Girinka: How Gicumbi Farmers Turned Their Lives Around, from Poverty to a Multibillion Dairy Cooperative

Through Girinka, Cooperative IAKIB in Gicumbi has been able to turn around the fortunes of previously poor households, through value addition.

It is difficult to believe that households that previously lived below one dollar a day could turn around their fortunes and several years later be able to establish a cooperative whose business value is more than Rwf7bn. 

Such is the story of members of the Cooperative for Modern Livestock Farmers in Gicumbi District, known by its Kinyarwanda acronym IAKIB, which has become one of the most successful farmer cooperatives in Rwanda. 

Members of the  cooperative consist of locals who include widows as well as men and women who more than two decades ago were languishing in poverty. 

The cooperative which started off in 2006, with an initial capital of Rwf500,000 today runs a dairy business valued at over Rwf7bn in the Northern Province district. 

In 2002, the Government of Rwanda launched the One Cow Per Family programme, locally known as Girinka, which aimed at giving one cow to one poor household with the view the cow would help the vulnerable household to generate some income and have access to milk for better nutrition. 

Girinka is considered one of Rwanda’s most successful homegrown initiatives which have greatly contributed to the socio-economic development of the country and helped to tremendously alleviate poverty in previously poor households. 

According to Pierre Celestin Hakizimana, the head of the Gicumbi-based cooperative, members of IAKIB were among those who benefited from Girinka and they went on to use the opportunity to economically turn around their lives.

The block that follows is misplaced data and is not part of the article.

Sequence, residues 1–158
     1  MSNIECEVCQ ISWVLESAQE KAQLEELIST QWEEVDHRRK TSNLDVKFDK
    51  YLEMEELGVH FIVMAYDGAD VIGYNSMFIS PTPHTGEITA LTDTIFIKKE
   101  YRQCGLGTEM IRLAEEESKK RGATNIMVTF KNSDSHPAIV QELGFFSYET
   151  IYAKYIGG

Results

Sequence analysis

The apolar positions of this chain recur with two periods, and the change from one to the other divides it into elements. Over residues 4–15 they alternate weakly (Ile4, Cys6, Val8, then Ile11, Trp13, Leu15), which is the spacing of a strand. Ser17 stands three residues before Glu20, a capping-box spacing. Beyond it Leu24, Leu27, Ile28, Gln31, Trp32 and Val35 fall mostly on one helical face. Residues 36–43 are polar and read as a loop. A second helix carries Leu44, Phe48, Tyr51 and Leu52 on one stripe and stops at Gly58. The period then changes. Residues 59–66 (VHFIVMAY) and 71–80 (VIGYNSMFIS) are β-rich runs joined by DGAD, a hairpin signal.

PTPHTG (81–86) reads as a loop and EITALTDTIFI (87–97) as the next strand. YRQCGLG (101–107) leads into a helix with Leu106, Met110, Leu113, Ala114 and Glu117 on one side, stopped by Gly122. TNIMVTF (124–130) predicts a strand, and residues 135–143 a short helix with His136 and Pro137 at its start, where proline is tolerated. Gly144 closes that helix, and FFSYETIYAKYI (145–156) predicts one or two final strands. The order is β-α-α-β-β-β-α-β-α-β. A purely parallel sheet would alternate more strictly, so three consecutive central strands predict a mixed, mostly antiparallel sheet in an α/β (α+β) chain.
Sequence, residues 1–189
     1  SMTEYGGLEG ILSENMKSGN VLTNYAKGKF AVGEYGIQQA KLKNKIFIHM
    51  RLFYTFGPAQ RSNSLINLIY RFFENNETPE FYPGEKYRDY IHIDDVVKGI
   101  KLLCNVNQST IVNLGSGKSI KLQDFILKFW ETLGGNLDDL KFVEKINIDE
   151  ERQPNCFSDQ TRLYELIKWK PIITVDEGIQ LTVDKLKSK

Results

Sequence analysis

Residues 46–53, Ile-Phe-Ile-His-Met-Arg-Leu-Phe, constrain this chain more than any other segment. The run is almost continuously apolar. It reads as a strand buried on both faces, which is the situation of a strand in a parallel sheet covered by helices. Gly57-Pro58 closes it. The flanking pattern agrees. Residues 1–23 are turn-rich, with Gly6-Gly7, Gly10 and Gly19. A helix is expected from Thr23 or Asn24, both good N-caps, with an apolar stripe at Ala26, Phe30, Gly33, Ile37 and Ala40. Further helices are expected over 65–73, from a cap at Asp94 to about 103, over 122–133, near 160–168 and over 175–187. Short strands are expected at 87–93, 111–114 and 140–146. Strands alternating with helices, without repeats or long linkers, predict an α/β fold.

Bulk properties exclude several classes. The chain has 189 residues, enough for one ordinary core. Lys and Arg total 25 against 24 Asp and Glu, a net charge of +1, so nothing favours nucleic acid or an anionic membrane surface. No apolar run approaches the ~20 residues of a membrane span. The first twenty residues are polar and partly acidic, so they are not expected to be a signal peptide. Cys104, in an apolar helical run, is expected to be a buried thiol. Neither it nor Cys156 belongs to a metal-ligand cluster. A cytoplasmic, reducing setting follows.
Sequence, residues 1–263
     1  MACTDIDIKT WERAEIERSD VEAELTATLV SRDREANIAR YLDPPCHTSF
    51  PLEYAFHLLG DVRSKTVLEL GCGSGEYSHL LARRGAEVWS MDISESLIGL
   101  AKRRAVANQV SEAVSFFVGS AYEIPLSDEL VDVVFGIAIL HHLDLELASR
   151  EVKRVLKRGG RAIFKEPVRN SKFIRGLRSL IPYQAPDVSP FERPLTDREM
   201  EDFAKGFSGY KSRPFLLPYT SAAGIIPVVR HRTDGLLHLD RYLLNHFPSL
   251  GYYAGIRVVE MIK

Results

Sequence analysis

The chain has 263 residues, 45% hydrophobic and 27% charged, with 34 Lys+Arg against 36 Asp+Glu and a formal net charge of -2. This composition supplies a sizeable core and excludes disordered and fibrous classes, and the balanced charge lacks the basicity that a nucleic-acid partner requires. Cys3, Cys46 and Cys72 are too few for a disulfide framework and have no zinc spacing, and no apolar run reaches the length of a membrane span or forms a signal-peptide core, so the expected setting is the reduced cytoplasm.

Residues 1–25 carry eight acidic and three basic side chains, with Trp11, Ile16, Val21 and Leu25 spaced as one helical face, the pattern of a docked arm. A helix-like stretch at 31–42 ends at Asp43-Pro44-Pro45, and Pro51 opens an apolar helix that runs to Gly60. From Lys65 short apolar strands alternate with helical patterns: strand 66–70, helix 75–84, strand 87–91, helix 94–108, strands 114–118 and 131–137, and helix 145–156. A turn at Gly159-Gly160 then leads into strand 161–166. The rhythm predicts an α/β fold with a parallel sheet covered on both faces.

“We started off with a capital of Rwf500, 000 in 2006. We used this amount to buy milk from 19 of the 21 sectors that make up Gicumbi district,” 

“Our cooperative was born as a result of the Girinka program of the Government of Rwanda, established in 2002. We started with 300 members but now we have 4,004 members, collecting 34,000 litres of milk a day from more than 10,000 livestock,” he said. 

Hakizimana says they have 10 milk collections, including four for their own use, two for rent and four for the state to support them. The milk they collect is sold to Inyange and Blessed Industries in Gatuna while they also use the surplus to make cow ghee, butter and Yogurt. 

The Cooperative now has 10 milk collection centres in Gicumbi district.

The cooperative has also set up a maize flour processing plant where it processes 20 tons of maize per day, and says it is expanding so that by January 2021 it will have started delivering 60 tons of maize flour per day.

They also have a factory that manufactures at least 20 tons of cattle, chicken and pig feeds. Hakizimana said that if they stopped all their activities and diverted the money into building a commercial building, it would be a reasonable one. 

Hakizimana says that as a result, members of the cooperative have had their lives transformed socio-economically, working their way out of poverty while at the same time enjoying the nutritional benefits of their produce.